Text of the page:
Female Pelvic Health
Female pelvic health can encompass many conditions. Over the next 8 weeks the topics I will cover are biomechanical conditions in relation to female pelvic health. Such as the muscles and the potential for dysfunctional in muscles to cause stress or strain in other parts of the body. Also, how exercise will benefit these muscles when done regularly.
Conditions in female pelvic health such as:
- Urinary stress and urge incontinence
- Hysterectomy and its effect on the structure of the pelvic organs
- Pelvic organ prolapse, such as following hysterectomy
- Pelvic Floor and the effect of hormone changes on its function
- Lumbo-pelvic health, such as that causing low back pain
- Muscles of the pelvic wall such as piriformis, gemellis, obturator
- Roll of diaphragm and breathing on pelvic floor and core muscles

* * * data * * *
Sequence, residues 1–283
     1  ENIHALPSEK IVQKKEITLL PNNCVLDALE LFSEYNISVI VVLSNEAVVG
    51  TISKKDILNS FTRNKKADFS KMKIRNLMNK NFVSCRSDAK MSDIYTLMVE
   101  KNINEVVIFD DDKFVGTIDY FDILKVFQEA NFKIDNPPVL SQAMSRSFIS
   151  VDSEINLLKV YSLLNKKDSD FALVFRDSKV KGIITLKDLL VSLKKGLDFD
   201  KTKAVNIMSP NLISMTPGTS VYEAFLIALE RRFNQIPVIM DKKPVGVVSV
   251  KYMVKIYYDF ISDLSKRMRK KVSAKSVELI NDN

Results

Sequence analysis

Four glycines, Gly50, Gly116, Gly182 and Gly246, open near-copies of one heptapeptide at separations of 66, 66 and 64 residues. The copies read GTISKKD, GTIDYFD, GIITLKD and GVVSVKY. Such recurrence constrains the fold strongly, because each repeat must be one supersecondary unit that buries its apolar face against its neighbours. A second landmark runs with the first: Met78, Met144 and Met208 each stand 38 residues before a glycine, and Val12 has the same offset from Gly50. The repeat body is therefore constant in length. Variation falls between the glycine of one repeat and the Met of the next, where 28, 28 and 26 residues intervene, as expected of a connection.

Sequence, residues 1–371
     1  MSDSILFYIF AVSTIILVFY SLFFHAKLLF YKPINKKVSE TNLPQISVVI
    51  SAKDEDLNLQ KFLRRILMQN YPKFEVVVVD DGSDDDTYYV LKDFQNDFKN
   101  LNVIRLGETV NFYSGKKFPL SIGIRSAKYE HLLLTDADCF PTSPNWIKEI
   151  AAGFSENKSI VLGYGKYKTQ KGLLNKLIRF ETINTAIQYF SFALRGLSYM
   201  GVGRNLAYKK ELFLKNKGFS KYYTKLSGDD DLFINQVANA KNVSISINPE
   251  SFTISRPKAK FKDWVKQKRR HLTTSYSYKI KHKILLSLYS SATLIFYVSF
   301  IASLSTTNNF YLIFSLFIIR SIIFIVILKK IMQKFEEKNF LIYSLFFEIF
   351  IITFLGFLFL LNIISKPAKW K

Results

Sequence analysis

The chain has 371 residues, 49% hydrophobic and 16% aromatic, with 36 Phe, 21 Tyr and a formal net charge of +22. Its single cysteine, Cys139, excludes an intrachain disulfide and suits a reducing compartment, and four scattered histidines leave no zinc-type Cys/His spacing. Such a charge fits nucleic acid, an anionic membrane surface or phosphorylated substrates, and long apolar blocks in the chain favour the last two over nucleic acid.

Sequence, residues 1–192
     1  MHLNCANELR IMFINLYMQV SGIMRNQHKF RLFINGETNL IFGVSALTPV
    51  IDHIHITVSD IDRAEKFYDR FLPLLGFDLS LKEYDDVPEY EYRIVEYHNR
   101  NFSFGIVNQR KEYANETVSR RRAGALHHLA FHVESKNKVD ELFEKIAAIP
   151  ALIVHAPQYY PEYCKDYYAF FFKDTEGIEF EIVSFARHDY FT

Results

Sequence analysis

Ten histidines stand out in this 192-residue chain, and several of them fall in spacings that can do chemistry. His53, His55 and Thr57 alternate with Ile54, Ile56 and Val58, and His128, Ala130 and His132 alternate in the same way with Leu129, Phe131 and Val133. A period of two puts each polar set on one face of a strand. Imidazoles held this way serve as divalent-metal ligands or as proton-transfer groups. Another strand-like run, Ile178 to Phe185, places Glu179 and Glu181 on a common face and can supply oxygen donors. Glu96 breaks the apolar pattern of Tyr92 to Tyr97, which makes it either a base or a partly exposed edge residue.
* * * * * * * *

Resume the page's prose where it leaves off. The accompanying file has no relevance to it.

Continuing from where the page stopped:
- Different disciplines of exercise and how they help pelvic health
Hormone changes have huge effect on female pelvic health and the ability for muscles to function correctly. Muscles of the pelvic floor, deep belly muscle, spinal stabilisers and diaphragm are all affected by the hormones changing at the time of menopause.
The way we move, sit or stand will cause imbalance in muscle functioning within the body. Sitting for prolonged periods will ‘switch off’ the glutes at the back of the hips and tighten the muscles at the front.
Our gait, will also massively impact the forces going through the body. Once and injury has occurred we alter the gait and it causes referred pain elsewhere in the body.
Posture is an essential element to exercise. Exercising with no awareness of your posture will incur injury in itself. Knowing how to hold your posture in an exercise class will allow you to exercise into and strength into, good posture. This prevents biomechanical issues or muscle imbalances further down the line.
As I know, to my cost, I exercised for 10 years in a forward tilted pelvis position. Once the hormone changes occurred at menopause, low back pain was a major issue for me. Since then I have rehabilitated with exercising and strengthening into good posture, or as close to good posture as I can achieve. It has now eliminated the pain I once had.
Knowing what to change in your posture gives you a whole new way of thinking about exercise.